Au Revoir Jacqueline: A Memory on Every Corner
Still, now that it is actually happening, well, it doesn’t seem quite right that I won’t be seeing Jacqueline—on Seventh Avenue, at one school or another, at various Park Slope events—anymore.
When someone special moves away from a community like Park Slope, it’s like losing a vital piece of the eclectic mosaic that makes this neighborhood tick.
For as long as I can remember, Jacqueline has been part of the texture of Park Slope and an active participant in so many aspects of life here. A mother of two, a working professional, and an environmental activist, this daughter of a jazz basoonist was hard to miss.
Indeed, this statuesque, beautiful woman with the big dark eyes and a bold intelligence has made her mark.
As she writes in her own good bye to the neighborhood on Facebook, “I’ve been a part of so many worlds in my time here — the vibrant group of women that made up our Megamom’s group, the dedicated group of people who fought with me for 4 years in Parents for Climate Protection, my wonderful myoho brothers and sisters, the Italian playgroup, the community of singers in the Brooklyn Conservatory Chorale, the friends I made as part of the 321 community, my shift-buddies from the Food Coop.”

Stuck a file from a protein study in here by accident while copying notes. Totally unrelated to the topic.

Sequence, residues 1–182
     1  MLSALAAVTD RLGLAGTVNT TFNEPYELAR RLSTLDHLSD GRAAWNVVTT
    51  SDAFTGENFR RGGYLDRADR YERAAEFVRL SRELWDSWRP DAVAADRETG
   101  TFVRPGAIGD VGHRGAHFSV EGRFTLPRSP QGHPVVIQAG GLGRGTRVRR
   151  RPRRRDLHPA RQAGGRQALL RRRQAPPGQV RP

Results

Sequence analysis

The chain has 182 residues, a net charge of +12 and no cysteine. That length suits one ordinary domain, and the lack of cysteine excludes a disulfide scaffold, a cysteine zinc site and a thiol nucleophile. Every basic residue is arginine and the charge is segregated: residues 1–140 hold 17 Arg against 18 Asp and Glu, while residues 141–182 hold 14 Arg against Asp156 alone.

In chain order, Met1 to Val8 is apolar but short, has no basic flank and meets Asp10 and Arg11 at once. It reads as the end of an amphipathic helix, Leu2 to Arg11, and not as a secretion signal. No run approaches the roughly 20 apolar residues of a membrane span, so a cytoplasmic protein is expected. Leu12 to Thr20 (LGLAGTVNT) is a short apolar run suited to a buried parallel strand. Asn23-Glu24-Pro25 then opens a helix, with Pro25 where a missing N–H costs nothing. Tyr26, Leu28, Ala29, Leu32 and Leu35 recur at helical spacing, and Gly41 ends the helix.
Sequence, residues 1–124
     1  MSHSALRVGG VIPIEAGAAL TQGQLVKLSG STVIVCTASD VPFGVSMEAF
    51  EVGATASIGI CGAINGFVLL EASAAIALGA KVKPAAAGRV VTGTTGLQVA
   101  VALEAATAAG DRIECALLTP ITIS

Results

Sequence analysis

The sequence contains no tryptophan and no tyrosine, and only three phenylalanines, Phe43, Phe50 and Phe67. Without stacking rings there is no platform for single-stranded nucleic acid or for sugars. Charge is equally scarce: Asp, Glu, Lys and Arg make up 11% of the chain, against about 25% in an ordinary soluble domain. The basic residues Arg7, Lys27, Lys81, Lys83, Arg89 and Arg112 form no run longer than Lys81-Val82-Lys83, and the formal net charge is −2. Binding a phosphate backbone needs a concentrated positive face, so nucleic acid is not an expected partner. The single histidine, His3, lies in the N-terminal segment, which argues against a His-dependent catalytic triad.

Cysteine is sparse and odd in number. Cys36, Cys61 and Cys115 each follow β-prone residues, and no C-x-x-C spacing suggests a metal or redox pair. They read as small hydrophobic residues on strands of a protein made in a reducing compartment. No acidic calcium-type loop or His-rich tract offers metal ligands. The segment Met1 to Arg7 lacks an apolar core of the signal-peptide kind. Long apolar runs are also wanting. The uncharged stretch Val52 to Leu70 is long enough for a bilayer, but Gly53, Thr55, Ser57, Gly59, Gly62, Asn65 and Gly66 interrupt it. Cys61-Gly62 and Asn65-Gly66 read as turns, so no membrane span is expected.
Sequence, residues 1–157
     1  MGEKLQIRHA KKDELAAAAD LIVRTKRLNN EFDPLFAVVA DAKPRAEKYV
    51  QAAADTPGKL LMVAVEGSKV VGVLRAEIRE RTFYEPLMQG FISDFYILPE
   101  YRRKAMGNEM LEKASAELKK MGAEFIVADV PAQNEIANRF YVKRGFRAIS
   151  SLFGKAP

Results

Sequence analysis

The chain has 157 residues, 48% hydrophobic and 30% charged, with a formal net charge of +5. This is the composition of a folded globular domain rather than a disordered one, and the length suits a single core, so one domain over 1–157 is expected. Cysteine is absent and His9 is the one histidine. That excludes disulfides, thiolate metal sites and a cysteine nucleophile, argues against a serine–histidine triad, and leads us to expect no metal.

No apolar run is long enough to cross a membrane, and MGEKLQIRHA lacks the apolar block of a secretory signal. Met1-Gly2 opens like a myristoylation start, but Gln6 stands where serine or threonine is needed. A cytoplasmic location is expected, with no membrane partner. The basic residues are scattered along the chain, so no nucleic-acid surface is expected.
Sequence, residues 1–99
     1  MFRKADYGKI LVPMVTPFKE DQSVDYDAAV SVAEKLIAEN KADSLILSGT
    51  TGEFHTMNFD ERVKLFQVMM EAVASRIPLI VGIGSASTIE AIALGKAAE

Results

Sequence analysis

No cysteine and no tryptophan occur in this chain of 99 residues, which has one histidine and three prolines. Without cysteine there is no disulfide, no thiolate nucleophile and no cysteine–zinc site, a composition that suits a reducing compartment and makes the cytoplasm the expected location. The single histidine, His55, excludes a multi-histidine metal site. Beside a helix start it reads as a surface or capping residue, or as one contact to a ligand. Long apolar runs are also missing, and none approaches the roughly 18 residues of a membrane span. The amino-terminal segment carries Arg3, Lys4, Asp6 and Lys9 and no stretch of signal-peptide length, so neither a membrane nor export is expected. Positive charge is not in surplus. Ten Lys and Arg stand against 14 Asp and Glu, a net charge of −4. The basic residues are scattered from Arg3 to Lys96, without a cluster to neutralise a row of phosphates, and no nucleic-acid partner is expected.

It is really quite remarkable how much she accomplished while she was here and she will not be forgotten by the people who shared the many worlds she interacted with.
While we understood that a transition was imminent, it is still not easy to accept that Saturday is the day she will cross the Verrazano Bridge with her beautiful girls and her fiancee and make the move to Staten Island. It is always tough to say good bye. And for Jacqueline: it’s difficult to leave the site of so many memories—even for greener pastures.
As she writes so eloquently, “This morning as I walked Sofia to school for the last time, nodding to familiar faces of neighbors, greeting the crossing guard, checking out the freebies on the stoops, enjoying the shade of the big old trees, I felt that I loved this neighborhood like never before. I’m going to miss these streets that I know so well — in that courtyard, Julia pretended she was on a carousel; that crack in the sidewalk is what made Sofia fall off her scooter and skin her knees; that’s the house Rino used to live in; there’s the coffee shop where the moms and kids would meet after school; and on and on, a memory on each corner.”
But let’s not get too carried away. She is, after all, only moving to Staten Island. It’s really not that far away. She will be back to visit of that I am certain. She writes, “Yes, I am leaving quite a lot this coming Saturday, but there is also quite a lot waiting for me on the other side of the Verrazzano. My fiancee loves Park Slope as much as I do after spending so much time here during our “courtship,” and of course my parents are here, so I expect to be spending a lot of time here after the move. So Park Slopers, this is not goodbye. I’ll see you soon.”
Au Revoir Jacqueline: We will miss you.